Masih Alinejad, author of The Wind in My Hair: My Fight for Freedom in Modern Iran and who had campaigned to prevent the execution of young Iranian wrestler Navid Afkari, told Index, “By killing Zam, the Islamic Republic has shown that it is not interested in diplomacy. It is ironic that Zam was named after Rohallah Khomeini, the founder of the Islamic Republic, an evil system that is not willing to tolerate dissent from journalists.  Zam was a media pioneer who created the most influential news channel in recent memory.”

Javaid Rehman, UN Special Rapporteur on the situation of human rights in the Islamic Republic of Iran and Agnes Callamard, UN Special Rapporteur on extrajudicial, summary or arbitrary executions, said: “The conviction and execution of Mr Zam are unconscionable. The reports of his arrest, his treatment in detention, and the process of his trial, as well as the reasons for his targeting by the Iranian authorities, are a serious violation of Iran’s obligations under the International Covenant on Civil and Political Rights, including the right to freedom of opinion and expression and the right to life.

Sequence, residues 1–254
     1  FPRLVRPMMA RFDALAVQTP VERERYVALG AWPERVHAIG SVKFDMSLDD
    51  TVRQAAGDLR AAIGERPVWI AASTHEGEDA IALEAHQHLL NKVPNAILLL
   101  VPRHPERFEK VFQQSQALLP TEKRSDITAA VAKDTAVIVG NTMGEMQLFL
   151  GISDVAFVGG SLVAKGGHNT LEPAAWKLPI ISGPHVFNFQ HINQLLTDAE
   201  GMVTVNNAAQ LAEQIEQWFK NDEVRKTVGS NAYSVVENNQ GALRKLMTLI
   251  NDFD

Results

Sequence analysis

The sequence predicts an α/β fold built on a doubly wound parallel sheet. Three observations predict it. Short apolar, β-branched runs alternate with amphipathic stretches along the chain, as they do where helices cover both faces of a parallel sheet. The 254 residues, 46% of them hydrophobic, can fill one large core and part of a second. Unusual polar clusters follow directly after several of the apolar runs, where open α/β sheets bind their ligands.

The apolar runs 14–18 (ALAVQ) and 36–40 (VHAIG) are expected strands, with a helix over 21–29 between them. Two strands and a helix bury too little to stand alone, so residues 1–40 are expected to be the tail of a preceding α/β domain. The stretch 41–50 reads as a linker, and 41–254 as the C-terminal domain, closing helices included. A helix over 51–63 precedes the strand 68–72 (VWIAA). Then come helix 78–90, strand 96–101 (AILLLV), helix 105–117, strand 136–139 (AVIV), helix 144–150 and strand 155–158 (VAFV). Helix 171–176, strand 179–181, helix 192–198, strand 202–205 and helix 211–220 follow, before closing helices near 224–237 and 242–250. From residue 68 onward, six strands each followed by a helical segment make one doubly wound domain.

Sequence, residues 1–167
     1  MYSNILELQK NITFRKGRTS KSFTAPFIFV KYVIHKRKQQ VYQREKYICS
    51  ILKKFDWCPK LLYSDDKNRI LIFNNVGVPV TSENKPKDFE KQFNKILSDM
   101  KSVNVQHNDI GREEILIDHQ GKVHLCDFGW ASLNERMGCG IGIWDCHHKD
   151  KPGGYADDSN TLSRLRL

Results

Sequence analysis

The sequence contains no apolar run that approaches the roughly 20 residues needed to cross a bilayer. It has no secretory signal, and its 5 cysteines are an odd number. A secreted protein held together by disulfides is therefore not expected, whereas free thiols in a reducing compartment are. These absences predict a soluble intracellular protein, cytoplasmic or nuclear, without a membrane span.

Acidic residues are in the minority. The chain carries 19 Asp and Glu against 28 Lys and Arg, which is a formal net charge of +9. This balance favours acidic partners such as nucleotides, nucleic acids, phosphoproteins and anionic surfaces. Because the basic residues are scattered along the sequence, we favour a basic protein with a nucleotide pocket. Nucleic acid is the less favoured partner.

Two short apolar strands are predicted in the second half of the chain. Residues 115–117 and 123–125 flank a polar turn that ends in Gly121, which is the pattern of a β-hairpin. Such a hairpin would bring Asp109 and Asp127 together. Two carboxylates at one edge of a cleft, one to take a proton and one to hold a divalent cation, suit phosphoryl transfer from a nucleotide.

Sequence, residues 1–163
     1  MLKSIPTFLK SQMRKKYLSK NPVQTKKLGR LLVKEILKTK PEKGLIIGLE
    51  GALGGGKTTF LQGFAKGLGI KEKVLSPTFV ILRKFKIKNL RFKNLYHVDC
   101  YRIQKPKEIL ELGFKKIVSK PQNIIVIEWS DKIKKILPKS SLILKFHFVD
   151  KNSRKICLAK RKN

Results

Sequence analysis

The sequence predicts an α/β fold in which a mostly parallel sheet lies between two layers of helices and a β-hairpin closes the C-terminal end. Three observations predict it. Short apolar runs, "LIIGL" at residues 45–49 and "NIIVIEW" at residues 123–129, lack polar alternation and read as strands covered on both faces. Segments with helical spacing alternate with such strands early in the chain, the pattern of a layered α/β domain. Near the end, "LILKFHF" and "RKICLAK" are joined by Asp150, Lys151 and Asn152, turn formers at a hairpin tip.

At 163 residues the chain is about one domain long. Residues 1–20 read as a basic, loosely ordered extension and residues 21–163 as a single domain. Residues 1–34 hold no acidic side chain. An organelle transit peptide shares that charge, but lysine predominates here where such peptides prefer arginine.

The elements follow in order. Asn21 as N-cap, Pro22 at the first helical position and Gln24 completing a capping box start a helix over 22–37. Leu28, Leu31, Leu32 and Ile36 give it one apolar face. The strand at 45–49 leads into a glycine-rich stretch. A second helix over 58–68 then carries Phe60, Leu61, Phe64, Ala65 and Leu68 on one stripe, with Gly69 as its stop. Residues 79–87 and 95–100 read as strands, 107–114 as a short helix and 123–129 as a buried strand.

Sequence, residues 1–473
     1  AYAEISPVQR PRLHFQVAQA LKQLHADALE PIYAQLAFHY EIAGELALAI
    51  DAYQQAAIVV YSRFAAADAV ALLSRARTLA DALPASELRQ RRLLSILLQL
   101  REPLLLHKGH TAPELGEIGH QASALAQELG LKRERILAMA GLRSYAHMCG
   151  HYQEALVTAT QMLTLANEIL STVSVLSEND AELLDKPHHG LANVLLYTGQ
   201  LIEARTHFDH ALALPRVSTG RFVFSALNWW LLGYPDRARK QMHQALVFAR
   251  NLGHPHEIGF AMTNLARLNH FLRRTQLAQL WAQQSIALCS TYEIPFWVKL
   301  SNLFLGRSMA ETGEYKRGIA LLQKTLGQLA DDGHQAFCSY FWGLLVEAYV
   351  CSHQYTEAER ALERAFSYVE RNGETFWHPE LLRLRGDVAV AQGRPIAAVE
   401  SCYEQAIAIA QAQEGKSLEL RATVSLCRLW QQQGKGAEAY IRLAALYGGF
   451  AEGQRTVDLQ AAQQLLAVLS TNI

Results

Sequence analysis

“It is clear that Ruhollah Zam was executed for expressing opinions and providing information on AmadNews that dissented from the official views of the Iranian Government.”

Index on Censorship’s CEO Ruth Smeeth has written a letter to the UN Secretary General condemning Zam’s murder.

She wrote: “Press freedom is a pillar of democracy. When journalists are targeted, all of society pays the price. Article 19 of the Universal Declaration of Human Rights guarantees the right to freedom of opinion and expression to all…As a journalist, as a human rights activist, as a global citizen Ruhollah Zam should have been protected by the state of his birth, not murdered by them.”

Ruhollah Zam is survived by his wife Mahsa Razani and their two daughters.


By Mark Stimpson

Mark is associate editor at Index on Censorship